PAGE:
Tesla made news this past week when a list of media outlets all determined (mostly through Facebook group chat) that Tesla’s PR department no longer exists. Which outlets found that newsworthy? The New York Post, MSN, Forbes, Fortune, TechCrunch, CNET, and a long list of other publications without the recognizable names that serve the EV community, including Tesla-advocacy publication Elektrek. What few of them took the time to explain was just how far Tesla’s lack of self-promotion goes. Road and Track’s headline was, “Here's Why You Probably Won't See Any More Tesla Reviews in Car Magazines.” If you are a Tesla fan, is this something you are happy about?
The Difference Between PR, Advertising, and Other Forms of Promotion
If you were making a product that sold faster than you could build it, how much would you spend on advertising? Many business owners might answer "zero." It seems like common sense that it would be "wasting" money to advertise a product for which you cannot keep up with demand. Many marketing professionals may disagree, but that is not the focus of our story. Here, we will outline five other ways that Tesla opts not to promote its products, or protect its brand name. Fans of Tesla may be surprised just how far Tesla goes to pass up ways to strengthen its brand and generate a positive impression of the vehicles it builds.
Tesla Has No Public Relations
A public relations professional's job is to create room in the schedule for executives in the company to do their own jobs. PR people work to strengthen a brand and also build relationships with media outlets and other groups to enable a company to get its message out when things go wrong. Sometimes, the best person to tell a company's story may be its founder, but neither of the two people who founded Tesla work at the company anymore.
Elon Musk As Public Relations Manager and Chief Bottle Washer
Elon Musk is a precious resource. He is the leader of not just a successful vehicle manufacturer, but also a spaceship company, and a company that creates underground transportation systems. Within Tesla, Inc., there are also energy storage and energy generation products. Is the best use of Elon Musk's time to try to tell the story of one part of one of his multiple companies day in and day out? To put out the fires that every company, large and small, have to deal with on a regular basis? If so, the company should name him the head of public relations and hire a CEO. Because CEOs have bigger tasks to accomplish. Tesla has nearly 50,000 employees and operations on four continents.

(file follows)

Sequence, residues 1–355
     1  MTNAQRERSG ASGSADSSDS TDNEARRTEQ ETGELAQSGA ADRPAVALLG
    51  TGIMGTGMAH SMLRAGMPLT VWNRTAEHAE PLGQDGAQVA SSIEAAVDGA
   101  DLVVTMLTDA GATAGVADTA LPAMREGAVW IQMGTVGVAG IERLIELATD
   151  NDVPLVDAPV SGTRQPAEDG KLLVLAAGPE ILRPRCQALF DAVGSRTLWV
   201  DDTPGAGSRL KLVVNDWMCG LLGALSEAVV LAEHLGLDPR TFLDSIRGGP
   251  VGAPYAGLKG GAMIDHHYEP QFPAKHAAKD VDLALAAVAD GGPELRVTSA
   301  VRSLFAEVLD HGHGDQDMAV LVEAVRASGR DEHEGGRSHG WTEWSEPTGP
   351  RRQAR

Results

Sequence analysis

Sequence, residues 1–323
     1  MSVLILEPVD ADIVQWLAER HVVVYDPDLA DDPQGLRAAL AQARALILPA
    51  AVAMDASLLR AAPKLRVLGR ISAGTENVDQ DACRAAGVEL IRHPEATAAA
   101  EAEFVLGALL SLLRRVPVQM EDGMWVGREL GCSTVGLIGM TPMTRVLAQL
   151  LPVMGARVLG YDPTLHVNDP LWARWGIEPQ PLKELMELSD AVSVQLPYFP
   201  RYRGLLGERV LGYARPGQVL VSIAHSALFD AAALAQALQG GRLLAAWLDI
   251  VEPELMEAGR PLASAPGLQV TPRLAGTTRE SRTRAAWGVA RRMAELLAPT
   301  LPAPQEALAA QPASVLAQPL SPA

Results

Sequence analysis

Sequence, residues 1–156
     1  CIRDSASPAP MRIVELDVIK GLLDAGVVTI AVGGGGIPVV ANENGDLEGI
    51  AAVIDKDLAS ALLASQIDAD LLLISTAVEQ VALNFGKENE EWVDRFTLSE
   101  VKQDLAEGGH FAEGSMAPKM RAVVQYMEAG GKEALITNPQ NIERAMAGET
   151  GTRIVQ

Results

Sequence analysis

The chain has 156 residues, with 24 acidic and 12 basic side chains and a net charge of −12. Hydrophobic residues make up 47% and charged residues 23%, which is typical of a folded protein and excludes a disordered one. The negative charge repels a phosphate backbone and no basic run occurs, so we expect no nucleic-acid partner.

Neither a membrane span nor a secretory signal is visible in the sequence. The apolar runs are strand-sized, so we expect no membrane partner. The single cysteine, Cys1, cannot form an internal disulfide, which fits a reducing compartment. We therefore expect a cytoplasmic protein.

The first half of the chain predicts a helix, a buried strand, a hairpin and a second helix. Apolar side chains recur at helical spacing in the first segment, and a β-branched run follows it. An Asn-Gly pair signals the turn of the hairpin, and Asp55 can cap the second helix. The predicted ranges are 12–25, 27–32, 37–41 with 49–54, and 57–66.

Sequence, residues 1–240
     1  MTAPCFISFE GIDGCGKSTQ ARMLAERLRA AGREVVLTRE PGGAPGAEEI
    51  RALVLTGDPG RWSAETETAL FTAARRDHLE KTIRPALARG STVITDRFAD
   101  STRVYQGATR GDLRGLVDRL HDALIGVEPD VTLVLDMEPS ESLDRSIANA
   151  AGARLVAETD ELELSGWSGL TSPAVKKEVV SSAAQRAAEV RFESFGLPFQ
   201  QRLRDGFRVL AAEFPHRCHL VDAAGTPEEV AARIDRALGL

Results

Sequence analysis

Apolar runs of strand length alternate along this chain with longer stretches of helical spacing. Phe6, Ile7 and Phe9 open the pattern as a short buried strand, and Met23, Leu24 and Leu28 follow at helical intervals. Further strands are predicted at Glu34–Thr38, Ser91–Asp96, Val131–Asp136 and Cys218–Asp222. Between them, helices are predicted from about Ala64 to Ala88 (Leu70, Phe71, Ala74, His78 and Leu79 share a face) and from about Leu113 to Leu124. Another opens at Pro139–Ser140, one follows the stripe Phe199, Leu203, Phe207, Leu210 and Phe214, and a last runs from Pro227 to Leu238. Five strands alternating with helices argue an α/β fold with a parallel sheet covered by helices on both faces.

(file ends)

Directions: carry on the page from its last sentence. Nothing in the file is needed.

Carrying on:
Tesla Opts Out of Industry Quality Surveys
It may seem odd to those who have not worked in marketing, but telling the buying public how one's products perform is an important part of marketing promotion. J.D. Power and other companies conduct owner surveys, and they then create reports about what owners tell them. Many companies then publicize these reports and use them as proof of their superiority. Every automotive company in America except Tesla actively participates in such surveys. In the end, with or without Tesla's active support, the companies that conduct the surveys will still make a best effort to include Tesla. “Unlike other manufacturers, Tesla doesn’t grant us permission to survey its owners in 15 states where it is required,” said Doug Betts, president of the automotive division at J.D. Power. “However, we were able to collect a large enough sample of surveys from owners in the other 35 states and, from that base, we calculated Tesla’s score.” The real question is, "why would Tesla opt-out?" What is the company afraid of?
Tesla Opts Out Of Safety Reporting
In the U.S. market, there are two agencies that conduct the safety testing consumers rely on for impartial opinions. The first is the taxpayer-funded NHTSA. The other is the Insurance Institute For Highway Safety (IIHS). The second group performs what most industry experts agree are the more rigorous tests. Many of the tests that IIHS conducts are not even conducted by NHTSA.
IIHS helps automakers with safe vehicles promote them. The group awards Top Safety Pick and Top Safety Pick Plus awards to those vehicles that meet the highest standards. Every automaker, including Tesla, highlights the results of the testing of their vehicles when they do well. What makes Tesla unusual is that it doesn't take the time to nominate its new vehicles for testing. This is, in essence, an oversight on Tesla's part. The end result is that Tesla's vehicle are placed at the end of the line for testing, or Tesla's model is left off of the testing schedule entirely. Not nominating the Model 3 and Model Y resulted in delays in the testing of the Model Y and previously the Model 3 (which earned the very highest possible score). Oddly, Tesla has even publicly accused this agency of being less than fair when testing revealed areas for improvement. That invites bad press.
Tesla Does Not Participate In Media Events